I guess you get out of this book what you bring to it. Having already been familiar with most of Plato's teachings, as well as his times, I found this volume to be a delightful refresher course. Instead of a dry, condensed outline it is a humorous and original comprehensive overview. Cavalier obviously knows his dialogs- I found no "dumbing down" here.
Those teachers of mine that stressed that if one wanted to be "truly educated" one had to be familiar with Plato's teachings were absolutely correct. When you start digging into subjects of true and lasting worth you always end up back at Plato. When I was younger I would have laughed at the idea that some "dry as dust" greek philosopher could ever be meaningful to me. You see, I confused Plato's philosophy with the "dry as dust" approach that passes for philosophy in modern times. Plato himself not only asked what Truth, Justice, and Beauty were- he actually knew that they really existed as Ultimates. The same with Good- he knew it existed. Plato accepted the validity of omens, dreams, the mysteries, and the pre-existance of the human soul, as well as, an afterlife. It was Plato who gave us the concept of "heaven." In fact, if you examine the words that were put in Christ's mouth in the New Testament you find that every statement is a paraphrase of Plato.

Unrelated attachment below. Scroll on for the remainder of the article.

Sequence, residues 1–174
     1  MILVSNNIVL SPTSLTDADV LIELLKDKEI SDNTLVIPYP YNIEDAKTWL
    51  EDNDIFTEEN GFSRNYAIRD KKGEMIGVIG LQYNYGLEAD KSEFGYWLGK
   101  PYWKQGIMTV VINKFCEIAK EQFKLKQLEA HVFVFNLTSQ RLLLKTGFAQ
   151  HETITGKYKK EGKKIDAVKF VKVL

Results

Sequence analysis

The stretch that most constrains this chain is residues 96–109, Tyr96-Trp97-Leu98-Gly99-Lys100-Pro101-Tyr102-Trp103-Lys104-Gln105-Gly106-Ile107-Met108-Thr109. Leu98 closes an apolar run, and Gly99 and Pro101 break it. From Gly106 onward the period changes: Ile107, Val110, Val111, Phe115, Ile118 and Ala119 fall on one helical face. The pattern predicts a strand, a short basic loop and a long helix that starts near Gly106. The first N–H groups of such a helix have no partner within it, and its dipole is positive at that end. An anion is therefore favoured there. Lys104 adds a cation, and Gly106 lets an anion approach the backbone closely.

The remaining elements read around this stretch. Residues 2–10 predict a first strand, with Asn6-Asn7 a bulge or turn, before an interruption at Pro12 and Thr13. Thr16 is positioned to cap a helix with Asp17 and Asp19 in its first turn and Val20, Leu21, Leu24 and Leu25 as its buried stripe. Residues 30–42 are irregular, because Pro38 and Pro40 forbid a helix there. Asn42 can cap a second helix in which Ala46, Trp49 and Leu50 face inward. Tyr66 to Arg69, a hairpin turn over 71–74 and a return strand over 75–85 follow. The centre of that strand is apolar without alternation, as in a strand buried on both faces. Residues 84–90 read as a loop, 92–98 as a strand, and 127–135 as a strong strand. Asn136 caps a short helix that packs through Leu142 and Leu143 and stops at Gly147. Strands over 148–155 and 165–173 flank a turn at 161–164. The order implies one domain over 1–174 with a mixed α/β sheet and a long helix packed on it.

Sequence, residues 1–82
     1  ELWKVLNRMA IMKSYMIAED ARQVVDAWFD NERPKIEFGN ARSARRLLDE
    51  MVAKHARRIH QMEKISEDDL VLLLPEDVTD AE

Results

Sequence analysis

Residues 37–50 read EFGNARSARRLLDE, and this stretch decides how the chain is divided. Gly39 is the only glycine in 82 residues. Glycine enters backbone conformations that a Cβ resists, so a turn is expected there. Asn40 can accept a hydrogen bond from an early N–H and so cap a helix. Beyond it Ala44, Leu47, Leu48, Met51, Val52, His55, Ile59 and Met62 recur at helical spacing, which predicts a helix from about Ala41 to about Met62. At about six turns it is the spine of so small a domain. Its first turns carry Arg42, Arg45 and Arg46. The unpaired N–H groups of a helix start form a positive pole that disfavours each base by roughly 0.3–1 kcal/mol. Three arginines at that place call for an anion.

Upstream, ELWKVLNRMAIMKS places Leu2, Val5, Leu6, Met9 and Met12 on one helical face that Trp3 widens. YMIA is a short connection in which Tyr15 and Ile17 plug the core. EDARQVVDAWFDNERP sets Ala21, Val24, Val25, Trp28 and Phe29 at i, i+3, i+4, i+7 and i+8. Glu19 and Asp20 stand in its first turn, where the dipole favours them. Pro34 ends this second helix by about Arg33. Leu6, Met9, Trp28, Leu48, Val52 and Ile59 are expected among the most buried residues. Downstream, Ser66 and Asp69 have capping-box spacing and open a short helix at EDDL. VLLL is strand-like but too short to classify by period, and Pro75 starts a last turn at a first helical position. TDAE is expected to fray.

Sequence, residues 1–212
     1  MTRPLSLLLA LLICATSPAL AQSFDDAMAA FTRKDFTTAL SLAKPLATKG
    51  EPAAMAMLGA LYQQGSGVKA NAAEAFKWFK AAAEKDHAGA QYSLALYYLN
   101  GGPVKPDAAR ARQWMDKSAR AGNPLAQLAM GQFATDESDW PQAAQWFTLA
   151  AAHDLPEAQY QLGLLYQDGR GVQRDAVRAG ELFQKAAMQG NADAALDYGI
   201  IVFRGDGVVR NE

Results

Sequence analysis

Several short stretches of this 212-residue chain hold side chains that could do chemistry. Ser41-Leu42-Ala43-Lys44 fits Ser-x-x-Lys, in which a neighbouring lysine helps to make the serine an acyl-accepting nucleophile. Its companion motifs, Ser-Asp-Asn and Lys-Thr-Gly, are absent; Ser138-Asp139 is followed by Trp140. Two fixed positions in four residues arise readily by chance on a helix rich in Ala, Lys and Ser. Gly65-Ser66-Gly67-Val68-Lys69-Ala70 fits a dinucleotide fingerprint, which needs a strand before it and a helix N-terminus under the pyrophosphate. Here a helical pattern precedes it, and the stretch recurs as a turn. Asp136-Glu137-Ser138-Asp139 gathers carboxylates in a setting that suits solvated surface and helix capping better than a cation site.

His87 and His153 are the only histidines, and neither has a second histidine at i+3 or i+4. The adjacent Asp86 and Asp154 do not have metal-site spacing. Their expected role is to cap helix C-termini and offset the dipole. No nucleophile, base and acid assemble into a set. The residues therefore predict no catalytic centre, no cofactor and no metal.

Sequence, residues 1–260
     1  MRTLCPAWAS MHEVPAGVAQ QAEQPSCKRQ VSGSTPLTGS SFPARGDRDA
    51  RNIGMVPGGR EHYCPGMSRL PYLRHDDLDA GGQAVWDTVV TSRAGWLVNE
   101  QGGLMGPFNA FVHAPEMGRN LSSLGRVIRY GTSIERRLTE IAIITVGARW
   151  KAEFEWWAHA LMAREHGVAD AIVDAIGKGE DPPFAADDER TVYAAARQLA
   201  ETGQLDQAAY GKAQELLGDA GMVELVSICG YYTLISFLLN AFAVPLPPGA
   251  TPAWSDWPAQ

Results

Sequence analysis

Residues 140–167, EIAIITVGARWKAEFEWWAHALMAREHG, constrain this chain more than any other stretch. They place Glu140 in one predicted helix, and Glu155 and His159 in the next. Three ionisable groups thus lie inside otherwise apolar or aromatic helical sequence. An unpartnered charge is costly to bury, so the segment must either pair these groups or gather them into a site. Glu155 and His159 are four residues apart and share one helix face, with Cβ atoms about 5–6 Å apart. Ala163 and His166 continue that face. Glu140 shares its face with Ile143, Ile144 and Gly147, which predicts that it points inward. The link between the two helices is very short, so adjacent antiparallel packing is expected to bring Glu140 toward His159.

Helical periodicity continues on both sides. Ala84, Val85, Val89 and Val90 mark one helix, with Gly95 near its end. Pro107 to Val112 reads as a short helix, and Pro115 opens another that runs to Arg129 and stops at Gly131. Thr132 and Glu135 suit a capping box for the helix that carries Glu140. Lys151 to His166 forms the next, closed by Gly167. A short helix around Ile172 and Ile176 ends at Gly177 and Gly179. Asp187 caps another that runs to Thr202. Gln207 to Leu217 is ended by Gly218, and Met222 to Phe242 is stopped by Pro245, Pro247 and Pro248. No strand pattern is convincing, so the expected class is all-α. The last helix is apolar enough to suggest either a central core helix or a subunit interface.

As for political matters, Plato believed that concern over one's own wealth and power was the source of most conflict, and that the goal of any system of laws and government should be making all people as happy and friendly as possible- and not merely a privaleged elite.
I can't help but speculate on how different western culture would have been if Plato's undiluted teachings, or even Plotinus' neoplatonism, had been the real spiritual core of our civilization.
Like other "for Beginner" books, the Plato version is also an excellent and concise overview for those who want a quick read. Illustrations aren't anything to marvel at, but they do make for a more interesting book. Despite the negative criticism in other reviews (such as that posed by the Seattle reader,) I recommend the book highly. As for spelling mistakes, that is easily explained because it is meant foremost for a British audience where words such as center are spelled centre. No big deal. TLC